This World Cup may end up being influenced more than any before by the bench which, if Gareth Southgate plays his cards right, could play into England’s hands. The combination of the oppressive heat and the availability, for the first time, of five substitutes per team mean it will be a squad tournament rather than an 11-man operation.
If Southgate is characterised as an A* manager for group cohesiveness and individual player relationships, his in-game coaching has been questionable at times. Last year in the qualifier against Poland his decision to sit on his hands and not use any substitutes backfired with the Poles grabbing a late equaliser in Warsaw.
In the Euros final last year Southgate was slow to respond when Italy manager Roberto Mancini switched his system mid-game and took control of the match. And it was his fateful call to bring Jadon Sancho and Marcus Rashford on at the death specifically to take penalties which backfired as both missed.
This time Southgate has to get his calls right. The potential impact of England’s substitutes was shown in England’s last match before the World Cup when the introduction of Mason Mount and Bukayo Saka in the second half transformed the game.
Southgate got his substitutions spot-on at Wembley that night. More than ever, managers are going to be under the spotlight over when they stick and when they twist in Qatar. The 26-man squads will give them plenty of possibilities.
It is choosing the best fit and the right moment that will be critical. This World Cup’s compressed nature will make it extremely difficult for outfield players to play every minute. With three matches in nine days in the group stages for England there is not too much in the way of recovery time.
While two of those are 10pm kick-offs (7pm UK time), Iran first up is at 4pm and the heat will be a particular factor in this game. After training in the mid-day heat to speed their acclimatisation from the English winter for two days, England pushed back their session yesterday to preserve energy.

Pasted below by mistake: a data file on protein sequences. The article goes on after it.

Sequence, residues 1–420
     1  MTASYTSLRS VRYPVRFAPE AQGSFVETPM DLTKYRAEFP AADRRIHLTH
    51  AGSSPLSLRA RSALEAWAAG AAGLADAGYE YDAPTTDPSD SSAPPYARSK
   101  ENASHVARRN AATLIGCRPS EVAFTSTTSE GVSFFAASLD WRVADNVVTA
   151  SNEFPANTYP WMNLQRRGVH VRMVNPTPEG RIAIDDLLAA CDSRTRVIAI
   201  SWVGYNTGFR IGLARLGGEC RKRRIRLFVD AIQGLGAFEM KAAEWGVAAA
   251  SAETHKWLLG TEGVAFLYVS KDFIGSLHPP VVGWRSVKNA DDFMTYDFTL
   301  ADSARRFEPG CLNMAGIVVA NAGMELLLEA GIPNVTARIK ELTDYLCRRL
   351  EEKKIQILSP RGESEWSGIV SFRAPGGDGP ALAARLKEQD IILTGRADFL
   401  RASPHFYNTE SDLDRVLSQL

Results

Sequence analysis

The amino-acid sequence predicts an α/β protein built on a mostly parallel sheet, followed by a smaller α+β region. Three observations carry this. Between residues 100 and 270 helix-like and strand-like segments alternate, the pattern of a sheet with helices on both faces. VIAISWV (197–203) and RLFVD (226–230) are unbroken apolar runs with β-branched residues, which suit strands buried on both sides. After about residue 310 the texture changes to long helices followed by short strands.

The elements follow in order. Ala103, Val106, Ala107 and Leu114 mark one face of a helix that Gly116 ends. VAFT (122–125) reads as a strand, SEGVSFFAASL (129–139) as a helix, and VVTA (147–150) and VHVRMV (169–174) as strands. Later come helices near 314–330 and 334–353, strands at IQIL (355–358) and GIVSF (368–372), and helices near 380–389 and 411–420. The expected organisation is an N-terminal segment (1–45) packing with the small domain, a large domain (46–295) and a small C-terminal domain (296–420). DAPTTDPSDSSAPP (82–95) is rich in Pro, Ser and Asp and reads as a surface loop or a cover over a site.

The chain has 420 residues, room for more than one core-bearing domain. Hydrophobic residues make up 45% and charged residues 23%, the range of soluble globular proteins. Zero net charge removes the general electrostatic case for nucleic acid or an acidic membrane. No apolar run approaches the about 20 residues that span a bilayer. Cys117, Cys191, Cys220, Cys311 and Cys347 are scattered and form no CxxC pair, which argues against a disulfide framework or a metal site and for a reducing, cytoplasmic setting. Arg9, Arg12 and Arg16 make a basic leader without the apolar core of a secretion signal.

But against opponents who are used to the warmth, England are at a climatic disadvantage. Southgate may well have to use all five of his subs. The optimistic hope is that this might happen with a healthy lead in the bag to preserve the likes of the irreplaceable Harry Kane.
But the Iranians have only gone down by more than a one-goal margin once in almost four years. It is more likely to be all hands to the pumps. The bench will have their part to play if England are to get away to the start they want.
England have almost too many options. Mount and Saka have already demonstrated their ability to change the course of a match off the bench for England as has Jack Grealish. While James Maddison is unlikely to feature in the opener with his knee problem he too will come into a complicated interchange equation over the course of the tournament.
Up front Rashford and Callum Wilson are also potential late game-changers. Which one of them might be England’s super-sub at this tournament? Maybe none of the above but instead one from left field – Trent Alexander-Arnold.
You don’t tend to think of full-backs as impact players but Alexander-Arnold has a passing range that could unlock any tiring opposition defence. In a tournament in which the 12th man could be the key man he could yet be Southgate’s secret weapon.